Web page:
“I’m afraid not, Señora.” Diago moved to step around her, and she slithered to block his path again.
“I’ve been trying to convince my husband to trim his beard as neatly as yours, but he insists on keeping those outdated muttonchops. Of course, his hair isn’t fine and black like yours.” She lifted the glass to her mouth and tongued a drop of sherry from the lip. “He’s more wooly. Like a sheep.” “Perhaps if you spoke to his barber.” He took a step closer and when she didn’t move, he said, “I hope you will forgive me, Señora, but I would like to catch my roommate before he leaves for the evening.” Señora Ferrer pursed her lips, disappointed that he wasn’t rising to her seductions. “I see.” She turned sideways but made sure to press her breasts against his arm as he passed. “This roommate of yours must be someone very special, since you’re always hurrying off to catch him.” More than you know. Diago grabbed his coat and hat. He offered her a genuine smile at the thought of spending some time with Miquel. “Good evening, Señora.” Without waiting for her reply, he slipped out the door and closed it behind him with a relieved sigh.
No sooner had the latch clicked into place than Diago fled down the stairs. He didn’t slow his pace until he reached the lobby, and paused there only long enough to put on his hat and coat.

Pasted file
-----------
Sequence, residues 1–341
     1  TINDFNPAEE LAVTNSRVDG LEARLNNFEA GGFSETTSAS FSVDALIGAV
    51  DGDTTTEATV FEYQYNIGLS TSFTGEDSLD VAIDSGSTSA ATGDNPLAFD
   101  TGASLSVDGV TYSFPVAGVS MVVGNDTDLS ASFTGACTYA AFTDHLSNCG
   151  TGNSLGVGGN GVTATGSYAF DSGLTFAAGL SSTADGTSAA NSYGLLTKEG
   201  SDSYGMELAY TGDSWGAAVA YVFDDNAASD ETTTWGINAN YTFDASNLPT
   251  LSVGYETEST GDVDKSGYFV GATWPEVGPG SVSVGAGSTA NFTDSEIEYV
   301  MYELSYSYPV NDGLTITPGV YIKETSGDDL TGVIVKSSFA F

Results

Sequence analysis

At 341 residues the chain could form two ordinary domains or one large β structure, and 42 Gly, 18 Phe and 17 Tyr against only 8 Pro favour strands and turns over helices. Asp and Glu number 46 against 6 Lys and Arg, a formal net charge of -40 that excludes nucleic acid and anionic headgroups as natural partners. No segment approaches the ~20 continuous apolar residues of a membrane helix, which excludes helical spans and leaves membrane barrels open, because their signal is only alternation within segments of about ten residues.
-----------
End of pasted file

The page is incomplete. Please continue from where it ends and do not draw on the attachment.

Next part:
Outside, an October fog, heavy with the smell of the sea, inched through the streets.
Diago turned up his collar against the northern chill. He missed Sevilla’s warmth more with every passing day, but Miquel had needed to come to Barcelona—Guillermo had ordered it.
As a member of Los Nefilim, the group that monitored daimonic activity for the angels, Miquel was bound by his oath to go wherever he was assigned. So when Guillermo had called him north in August, Miquel insisted that Diago come, too. Alone, Miquel noted, he was easy prey for either angel or daimon, both groups that were seeking to press Diago into their service.
And it was that point, which Miquel had hammered into Diago over and over, that had led him to endure the three most miserable weeks of his life. Unlike Miquel, Diago had made no oath to either side and could live wherever he chose.
Unless your lover is an officer of Los Nefilim, Diago mused as he maneuvered through the crowd of pedestrians. In that case, his choices narrowed to following Miquel, or living alone.
Although he had initially resisted the move, in the end he knew he’d made the right choice.
Being without Miquel was akin to living without love, and that was an existence he never wanted to endure again.